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I know this is a bit of apples-to-oranges comparison, since bi-elliptic transfer is a purely mathematical construct in a two-body problem, while ITN is a great "maze of opportunities" based on the immense complexity of the solar system, that is largely time-dependent, and finding an optimal trajectory (as opposed to just a good one) may be an NP-hard problem.

Still, a rough estimate? Say, how much delta-V would one save/lose going to Saturn through a bi-elliptic transfer vs ITN, willing to spend, say, 30 years? Or some similar figure, that gives a rough hunch which one may be preferable in what conditions?

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  • $\begingroup$ Is there any (interplanetary) ITN at all? Isn't the use of Lagrange points restricted to cis-Lunar space? How could a Lagrange point help a mission to Saturn? $\endgroup$ – LocalFluff Apr 1 '16 at 14:39
  • $\begingroup$ @LocalFluff: ITN stands for interplanetary transfer network. It definitely exists, and if you spend some time searching space.SE you'll find a proposed asteroid capture for use as a shuttle between Earth and Mars using ITN. $\endgroup$ – SF. Apr 1 '16 at 15:27
  • $\begingroup$ @LocalFluff: The confusion may come from the fact, that the interplanetary mainfolds possibly don't come into contact with each other, which means there may be no free connections where infinitesimal nudges suffice, between planets. But the gravity well separating them is really shallow. ITN isn't free, it's just very cheap. $\endgroup$ – SF. Apr 1 '16 at 15:36
  • $\begingroup$ I don't do this math, someone else will give a proper answer. But since you use ITN as a reference level, maybe it would be helpful to include an example in the question (unless I'm alone in being confused). I would think that the shallowness between the gravity wells of Earth and Mars varies conventionally with their eccentricities and periods. How would going from a Sun-Earth L-point to a Sun-Mars L-point gain any dV compared with surface to surface Hohmann style? $\endgroup$ – LocalFluff Apr 1 '16 at 16:55
  • $\begingroup$ @SF. Indeed, the Mars and earth manifolds don't overlap, as Toppotu has noted. Belbruno and Toppotu have written a paper describing a conventional 3.6 km/s LEO to TMI burn and a 2 km/s aphelion burn to inject into a WSB leading to Mars capture. Unfortunately for Belbruno, Mars capture can be acheived for as little as .7 km/s. The Belbruno Toppotu route is 1.3 km/s more expensive than Mars capture via Hohmann route. $\endgroup$ – HopDavid Apr 1 '16 at 19:53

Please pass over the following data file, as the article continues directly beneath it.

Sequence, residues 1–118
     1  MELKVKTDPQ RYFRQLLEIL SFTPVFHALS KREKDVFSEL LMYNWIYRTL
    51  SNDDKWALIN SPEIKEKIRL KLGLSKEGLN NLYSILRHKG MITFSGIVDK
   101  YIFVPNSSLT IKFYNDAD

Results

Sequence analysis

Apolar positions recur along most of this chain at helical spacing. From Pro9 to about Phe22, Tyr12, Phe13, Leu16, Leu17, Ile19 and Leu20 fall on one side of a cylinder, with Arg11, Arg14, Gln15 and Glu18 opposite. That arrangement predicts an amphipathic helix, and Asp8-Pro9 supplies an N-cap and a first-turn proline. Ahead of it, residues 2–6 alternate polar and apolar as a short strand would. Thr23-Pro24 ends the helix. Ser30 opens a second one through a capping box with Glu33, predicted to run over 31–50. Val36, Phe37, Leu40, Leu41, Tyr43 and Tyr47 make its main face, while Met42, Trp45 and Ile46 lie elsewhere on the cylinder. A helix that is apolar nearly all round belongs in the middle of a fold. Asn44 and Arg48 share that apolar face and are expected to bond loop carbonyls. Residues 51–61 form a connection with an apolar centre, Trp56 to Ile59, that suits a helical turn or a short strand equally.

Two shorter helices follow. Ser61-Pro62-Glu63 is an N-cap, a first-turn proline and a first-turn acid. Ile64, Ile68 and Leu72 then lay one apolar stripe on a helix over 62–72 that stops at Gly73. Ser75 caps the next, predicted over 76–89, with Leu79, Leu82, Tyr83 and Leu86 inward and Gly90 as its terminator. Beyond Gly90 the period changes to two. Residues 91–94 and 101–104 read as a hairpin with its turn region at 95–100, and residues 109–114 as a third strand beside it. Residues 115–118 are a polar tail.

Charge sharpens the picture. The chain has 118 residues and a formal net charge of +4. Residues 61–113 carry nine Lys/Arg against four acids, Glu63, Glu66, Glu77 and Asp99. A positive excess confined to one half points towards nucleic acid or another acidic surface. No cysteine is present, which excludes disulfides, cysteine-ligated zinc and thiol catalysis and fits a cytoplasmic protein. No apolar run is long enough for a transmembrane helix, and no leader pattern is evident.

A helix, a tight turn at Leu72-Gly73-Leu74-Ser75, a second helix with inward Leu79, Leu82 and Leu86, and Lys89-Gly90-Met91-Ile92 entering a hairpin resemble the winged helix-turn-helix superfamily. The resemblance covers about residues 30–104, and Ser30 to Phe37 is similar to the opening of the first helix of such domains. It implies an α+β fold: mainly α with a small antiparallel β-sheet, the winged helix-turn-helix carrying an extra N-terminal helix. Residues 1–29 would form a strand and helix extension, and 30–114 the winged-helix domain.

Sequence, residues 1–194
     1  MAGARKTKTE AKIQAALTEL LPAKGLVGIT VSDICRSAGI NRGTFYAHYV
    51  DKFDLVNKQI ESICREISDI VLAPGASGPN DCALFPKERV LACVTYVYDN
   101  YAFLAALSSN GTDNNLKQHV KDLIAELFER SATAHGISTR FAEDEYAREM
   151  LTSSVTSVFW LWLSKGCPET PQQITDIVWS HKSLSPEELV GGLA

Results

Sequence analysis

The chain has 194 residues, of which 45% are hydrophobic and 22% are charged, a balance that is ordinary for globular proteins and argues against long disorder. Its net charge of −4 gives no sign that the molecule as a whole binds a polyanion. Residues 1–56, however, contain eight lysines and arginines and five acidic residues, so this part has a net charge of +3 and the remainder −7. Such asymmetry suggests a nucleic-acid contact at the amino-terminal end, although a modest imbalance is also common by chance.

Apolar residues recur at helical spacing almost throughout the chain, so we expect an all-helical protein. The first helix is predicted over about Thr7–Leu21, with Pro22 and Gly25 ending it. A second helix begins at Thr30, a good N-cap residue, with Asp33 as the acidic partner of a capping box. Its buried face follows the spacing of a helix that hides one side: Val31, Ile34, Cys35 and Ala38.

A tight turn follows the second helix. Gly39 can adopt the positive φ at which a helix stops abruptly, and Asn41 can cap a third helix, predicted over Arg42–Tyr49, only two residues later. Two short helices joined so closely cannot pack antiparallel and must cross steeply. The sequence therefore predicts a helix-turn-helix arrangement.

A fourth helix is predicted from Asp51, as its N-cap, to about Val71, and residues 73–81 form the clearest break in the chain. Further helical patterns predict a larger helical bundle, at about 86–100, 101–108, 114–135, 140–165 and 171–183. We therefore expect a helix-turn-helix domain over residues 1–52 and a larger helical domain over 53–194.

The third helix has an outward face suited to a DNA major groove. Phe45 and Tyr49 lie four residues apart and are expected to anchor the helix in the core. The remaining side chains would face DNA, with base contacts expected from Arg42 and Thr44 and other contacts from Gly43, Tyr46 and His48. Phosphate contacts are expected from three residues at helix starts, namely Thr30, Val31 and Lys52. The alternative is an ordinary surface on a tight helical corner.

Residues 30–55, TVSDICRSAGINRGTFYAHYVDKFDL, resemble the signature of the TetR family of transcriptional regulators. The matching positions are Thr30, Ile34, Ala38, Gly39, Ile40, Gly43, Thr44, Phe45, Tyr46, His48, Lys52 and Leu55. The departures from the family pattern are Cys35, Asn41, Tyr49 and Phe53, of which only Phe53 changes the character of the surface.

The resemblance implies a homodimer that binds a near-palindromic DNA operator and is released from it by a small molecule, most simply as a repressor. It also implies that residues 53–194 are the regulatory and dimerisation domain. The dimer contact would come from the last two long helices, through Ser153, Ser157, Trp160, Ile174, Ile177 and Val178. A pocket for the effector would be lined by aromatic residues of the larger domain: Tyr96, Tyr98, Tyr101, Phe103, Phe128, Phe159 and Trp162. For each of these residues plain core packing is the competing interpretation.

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To enjoy a bi-elliptic savings, destination needs to be greater than destination orbit by a factor of 11.94 or greater.

Going from LEO to the moon certainly qualifies: 384,400/6678 = ~58.

I'll pull a bi-elliptic path out of the hat, don't know if it's optimal: 300 km altitude circular orbit to a 900,000 km altitude apogee: 3.16 km/s

Apogee burn at 900,000 km to raise perihelion to 384,400 km: .43 km/s

Circularize burn at 384400 perihelion: .18 km/s.

So a total of about 3.8 km/s. It's noteworthy that Farquhar's more direct route reaches EML2 for around 3.4 km/s

If you time your burn from LEO to land near a certain region of earth's Hill Sphere, the sun's tidal influence can raise your perihelion to 443,000 km (the neighborhood of EML2). From there the ship can do a ballistic slide into EML2. I describe such a path in EML2 blog post. This can take as little as 3.1 km/s.

So for LEO to EML2 a .7 km/s savings can be enjoyed over bi-elliptic and a .3 km/s savings over the Farquhar route.

Saturn's orbit is less than 11.94 A.U., so no bi-elliptic savings.

But there is no ITN route from earth to Saturn or even from earth to Mars or Venus.

"What?" you may ask. "How come the earth-moon-spaceship 3-body system confers savings while the sun-rocky planet-spaceship 3-body doesn't" The difference is in the 3 body mass parameter.

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All kinds of interesting trajectories emanate from the Pluto/Charon L1 and L2. Ditto Earth/Moon L1 and L2 as well as gas giant/big moons L1 and L2

But the sun/small rocky planets mass parameters are in the millionths to hundred millionths. I don't believe there are any interesting WSBs leading from the sun earth L2 to Mars or any other planet. At least none that take less then centuries to arrive at the destination.

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